(g) Why are they selling the glider - is it crap - are they upgrading, often people stop because they feel it's too dangerous or have a bit of a scrape, but don't let that put you off!

(h) Does the glider come with a manual and is there a log of repairs & replacement parts - like a service history for a car - everyone know how important a Full Service History (FSH) is when buying a car and with any type of aircraft this is even more important!

(i) Has the glider got a Certificate of Airworthiness? Just incase you forgot to ask! 

What to avoid

What to avoid - anything without a CoA.  Don't bugger about with flying, take it seriously and do a course before you buy a hang glider, don't be a smartarse - it is not worth it!!  You will need to spend say £800 to £1000 to do a EPC course or maybe find a taster for £80 - £100 for a day course.  Spend the money and find out if it is for you first.  Learning to hang glide involves lots and lots of walking up a hill with a glider that might typically weigh quite a lot, so be prepared to get knackered a lot to start with.

If sellers are saying "I bought this hang glider from a friend and don't know anything about it, but it all seems complete and in good condition" BEWARE! 

If something is a "delta wing" shape with a bellowy wing / sail cloth and has rounded A frame corners, it's just really best in a museum, or as a talking piece for the garden, or it belongs on a scrap yard.  Even some ok looking gliders that were flown in the early / late 80's are not (and were not) airworthy, so find someone who knows what to look for or do some in depth research, go to your library - remember those places with books in them, we used them before the Internet - which may have some hang gliding books in stock, so check that out too.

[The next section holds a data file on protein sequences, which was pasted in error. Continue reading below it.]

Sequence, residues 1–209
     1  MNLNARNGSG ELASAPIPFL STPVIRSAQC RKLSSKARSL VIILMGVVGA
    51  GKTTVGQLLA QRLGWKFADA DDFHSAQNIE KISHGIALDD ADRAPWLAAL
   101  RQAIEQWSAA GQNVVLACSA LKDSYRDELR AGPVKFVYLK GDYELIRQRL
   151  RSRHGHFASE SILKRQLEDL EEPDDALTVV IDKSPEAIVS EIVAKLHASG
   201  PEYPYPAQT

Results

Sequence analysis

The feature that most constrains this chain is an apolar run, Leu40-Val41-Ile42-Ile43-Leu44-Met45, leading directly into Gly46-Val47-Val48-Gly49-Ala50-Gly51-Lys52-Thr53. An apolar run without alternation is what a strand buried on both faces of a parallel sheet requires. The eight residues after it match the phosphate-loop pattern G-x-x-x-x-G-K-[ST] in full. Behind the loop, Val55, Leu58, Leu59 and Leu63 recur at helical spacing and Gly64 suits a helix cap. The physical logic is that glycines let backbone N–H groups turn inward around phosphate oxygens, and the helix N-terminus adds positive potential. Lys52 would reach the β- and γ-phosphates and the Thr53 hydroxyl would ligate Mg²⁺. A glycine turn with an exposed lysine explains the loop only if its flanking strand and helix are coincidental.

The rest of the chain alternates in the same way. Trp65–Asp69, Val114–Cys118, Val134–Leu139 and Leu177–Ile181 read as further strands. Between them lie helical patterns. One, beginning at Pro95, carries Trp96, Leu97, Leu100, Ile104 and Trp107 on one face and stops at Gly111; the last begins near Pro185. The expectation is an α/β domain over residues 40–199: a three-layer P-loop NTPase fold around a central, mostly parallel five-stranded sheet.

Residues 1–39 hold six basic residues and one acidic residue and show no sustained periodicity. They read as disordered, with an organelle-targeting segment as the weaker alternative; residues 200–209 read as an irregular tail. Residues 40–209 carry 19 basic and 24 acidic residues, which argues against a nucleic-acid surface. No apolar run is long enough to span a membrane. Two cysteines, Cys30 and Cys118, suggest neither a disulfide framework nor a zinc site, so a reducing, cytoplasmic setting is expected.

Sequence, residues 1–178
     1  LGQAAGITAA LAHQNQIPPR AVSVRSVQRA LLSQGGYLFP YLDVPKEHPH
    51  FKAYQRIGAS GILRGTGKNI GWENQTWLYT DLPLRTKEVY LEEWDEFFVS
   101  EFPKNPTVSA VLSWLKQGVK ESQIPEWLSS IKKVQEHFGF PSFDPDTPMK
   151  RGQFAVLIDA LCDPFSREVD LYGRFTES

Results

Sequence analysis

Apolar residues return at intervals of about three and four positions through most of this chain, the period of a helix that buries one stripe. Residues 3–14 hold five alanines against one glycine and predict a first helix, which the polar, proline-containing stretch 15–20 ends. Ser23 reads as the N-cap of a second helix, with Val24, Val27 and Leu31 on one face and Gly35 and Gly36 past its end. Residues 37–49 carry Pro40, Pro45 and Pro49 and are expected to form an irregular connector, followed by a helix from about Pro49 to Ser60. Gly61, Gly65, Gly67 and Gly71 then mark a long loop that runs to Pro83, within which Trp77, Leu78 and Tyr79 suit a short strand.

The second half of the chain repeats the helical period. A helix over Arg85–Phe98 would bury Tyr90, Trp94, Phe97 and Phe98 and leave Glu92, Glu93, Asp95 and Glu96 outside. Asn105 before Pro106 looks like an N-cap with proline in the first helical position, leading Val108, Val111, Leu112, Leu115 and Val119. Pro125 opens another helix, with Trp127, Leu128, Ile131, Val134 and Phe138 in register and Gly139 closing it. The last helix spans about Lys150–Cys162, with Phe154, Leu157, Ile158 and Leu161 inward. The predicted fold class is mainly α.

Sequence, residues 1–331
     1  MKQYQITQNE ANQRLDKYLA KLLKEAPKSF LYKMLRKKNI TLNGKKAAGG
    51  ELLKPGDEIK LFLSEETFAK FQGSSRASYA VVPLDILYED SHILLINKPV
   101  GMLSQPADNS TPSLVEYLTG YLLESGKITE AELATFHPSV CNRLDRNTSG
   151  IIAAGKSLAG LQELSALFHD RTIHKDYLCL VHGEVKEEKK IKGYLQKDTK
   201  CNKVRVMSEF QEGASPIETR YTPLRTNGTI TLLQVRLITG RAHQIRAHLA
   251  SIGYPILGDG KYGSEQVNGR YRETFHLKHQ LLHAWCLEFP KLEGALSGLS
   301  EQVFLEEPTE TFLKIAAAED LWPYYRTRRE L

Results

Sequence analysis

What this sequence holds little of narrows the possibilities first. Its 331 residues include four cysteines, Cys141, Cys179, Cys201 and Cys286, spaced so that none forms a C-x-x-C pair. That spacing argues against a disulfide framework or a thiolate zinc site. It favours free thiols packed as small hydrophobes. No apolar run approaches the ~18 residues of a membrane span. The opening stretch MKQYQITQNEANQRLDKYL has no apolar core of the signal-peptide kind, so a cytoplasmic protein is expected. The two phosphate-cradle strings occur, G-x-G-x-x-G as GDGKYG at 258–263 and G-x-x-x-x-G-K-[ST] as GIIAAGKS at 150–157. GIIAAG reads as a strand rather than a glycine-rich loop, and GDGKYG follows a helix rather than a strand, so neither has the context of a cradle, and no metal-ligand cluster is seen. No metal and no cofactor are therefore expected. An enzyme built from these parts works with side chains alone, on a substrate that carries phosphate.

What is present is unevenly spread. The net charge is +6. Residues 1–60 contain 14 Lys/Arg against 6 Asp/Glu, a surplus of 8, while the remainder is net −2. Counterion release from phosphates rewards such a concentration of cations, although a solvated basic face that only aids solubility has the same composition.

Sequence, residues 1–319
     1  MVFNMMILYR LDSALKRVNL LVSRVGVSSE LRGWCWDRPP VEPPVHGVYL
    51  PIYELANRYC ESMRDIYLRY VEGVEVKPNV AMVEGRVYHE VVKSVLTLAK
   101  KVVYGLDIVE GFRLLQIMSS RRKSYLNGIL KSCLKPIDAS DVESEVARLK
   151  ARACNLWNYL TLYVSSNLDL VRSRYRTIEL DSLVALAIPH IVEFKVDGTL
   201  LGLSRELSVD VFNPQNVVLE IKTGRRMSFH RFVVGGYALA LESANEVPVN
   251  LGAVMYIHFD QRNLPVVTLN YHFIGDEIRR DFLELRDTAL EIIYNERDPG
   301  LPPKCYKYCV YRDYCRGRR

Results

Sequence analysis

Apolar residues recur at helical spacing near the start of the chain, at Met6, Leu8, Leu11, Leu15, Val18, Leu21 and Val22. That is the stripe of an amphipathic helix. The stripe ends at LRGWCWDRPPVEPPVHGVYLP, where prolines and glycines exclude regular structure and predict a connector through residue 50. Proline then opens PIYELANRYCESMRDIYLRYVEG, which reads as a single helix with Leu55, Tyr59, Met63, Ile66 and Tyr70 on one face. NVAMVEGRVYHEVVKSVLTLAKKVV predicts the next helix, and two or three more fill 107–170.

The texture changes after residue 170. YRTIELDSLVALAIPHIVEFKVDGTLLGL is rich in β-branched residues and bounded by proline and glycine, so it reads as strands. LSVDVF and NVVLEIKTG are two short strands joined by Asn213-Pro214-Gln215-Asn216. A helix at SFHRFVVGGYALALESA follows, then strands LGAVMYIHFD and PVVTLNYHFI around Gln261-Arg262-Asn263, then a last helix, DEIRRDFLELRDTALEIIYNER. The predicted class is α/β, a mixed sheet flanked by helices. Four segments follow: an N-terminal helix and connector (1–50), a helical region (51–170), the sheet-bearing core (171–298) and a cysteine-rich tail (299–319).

You should always wear a helmet for hang gliding, this should again be the right size for your head and specialist helmets are available which are designed for hang gliding, so do a bit of research on that too!


No CoA - here is a thought - How much would you pay for a washing machine that you have only ever seen pictures of - say someone is selling it on ebay - but you knew that it would not work?  What is its scrap value? Well that is like buying a hang glider without a CoA - only with a higher risk and only with a scrap value.

With CoA - Expect to be looking at £ 300 - £ 1000 and above depending upon age and condition.

Final comments...

Hang gliding is a fantastic sport and like any sport, part of the enjoyment is the progression that you make.  In hang gliding the learning curve goes from "top to bottoms", where you just run off the hill and land at the bottom, to "soaring" flying along a ridge in the "lift band" for hours, gaining height and landing back on top of the hill, to "cross county" where you go off in thermals gaining height and trying to go as far as you can.

Discerning vendors will only sell to a pilot who has an EPC or is going to do one, and I have seen advertisers on ebay say that, which is very positive for your health and safety. 


Have something to share, create your own guide... Write a guide
Explore more guides